Are Donald Trump's executive actions more in line with an authoritarian than a decisive leader?

Evan Vucci/AP

After Donald Trump fired his acting attorney general, the main question you may be asking: How big a deal is this? 

First, some background: Sally Yates was a Barack Obama appointee tasked with overseeing the Justice Department until Jeff Sessions is confirmed by the Senate. She was the first female U.S. attorney in Atlanta, specializing in public corruption, and spent more than two decades as a prosecutor and attorney before rising to deputy attorney general in 2015. 

Yates is unquestionably an experienced lawyer who knows the value of conducting herself ethically. So why would Yates order the department to not defend Trump's order on immigration and, as the White House said, "betray" America? Yates and Democrats say duty. The White House and Republicans say politics. 

Trump's firing of Yates Monday night immediately drew comparisons to former President Richard Nixon's "Saturday Night Massacre." In October 1973, Nixon ordered his attorney general to fire the special prosecutor investigating the White House's role in the Watergate break-in. Believing that order to be morally bereft, the attorney general and deputy attorney general both resigned. Monday night, hours after Yates directed her staff to stop defending Trump's most controversial move against numerous legal challenges, Trump sacked the Georgian via hand-delivered letter. 

Some questioned the point of Yates, or Trump, taking such drastic action only days before Jeff Sessions will likely become attorney general. Sessions expressed support for hard-line immigration moves in the past, though he did say in his confirmation hearing he would not support a "Muslim ban."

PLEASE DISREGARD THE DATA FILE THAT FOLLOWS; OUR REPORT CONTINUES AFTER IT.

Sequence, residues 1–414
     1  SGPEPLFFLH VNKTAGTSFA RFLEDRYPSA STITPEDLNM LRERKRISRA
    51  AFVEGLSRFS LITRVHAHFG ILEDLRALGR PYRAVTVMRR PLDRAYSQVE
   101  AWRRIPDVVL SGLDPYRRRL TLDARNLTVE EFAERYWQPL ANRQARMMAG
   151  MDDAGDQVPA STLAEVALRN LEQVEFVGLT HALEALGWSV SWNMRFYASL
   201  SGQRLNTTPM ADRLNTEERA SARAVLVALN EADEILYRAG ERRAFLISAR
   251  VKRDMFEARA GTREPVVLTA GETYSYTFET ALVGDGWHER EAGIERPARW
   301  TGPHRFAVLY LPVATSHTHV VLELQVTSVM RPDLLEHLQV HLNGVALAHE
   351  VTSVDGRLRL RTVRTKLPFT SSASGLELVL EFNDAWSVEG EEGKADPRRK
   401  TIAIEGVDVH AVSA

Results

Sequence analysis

Yates and Sessions have something in common: They have both told the Senate they would stand up to the president if the law demanded it. In 2015, when Yates had her confirmation hearing before the Senate, Sessions asked her if she should blindly follow the president or enforce the law. Her response: "I believe that the attorney general ... has an obligation to follow the law and the Constitution, and to give their independent legal advice to the president." What did Sessions say during his confirmation hearings when asked if he could say "no" to the president? "[You] have to be able to say no, both for the country, for the legal system and for the president, to avoid situations that are not acceptable."

Ultimately, this isn't likely to bring Trump down, legally or politically. Cabinet heads serve at the pleasure of the president. Republicans, like Ted Cruz, were quick to say Yates had to be removed for her defiance. Democratic Senate Minority Leader Chuck Schumer said Yates was a "profile in courage" and called Trump's move "chilling." The partisan divide is likely to largely hold, with Trump's supporters celebrating his decisiveness and Democrats expressing even greater concern about his judgment.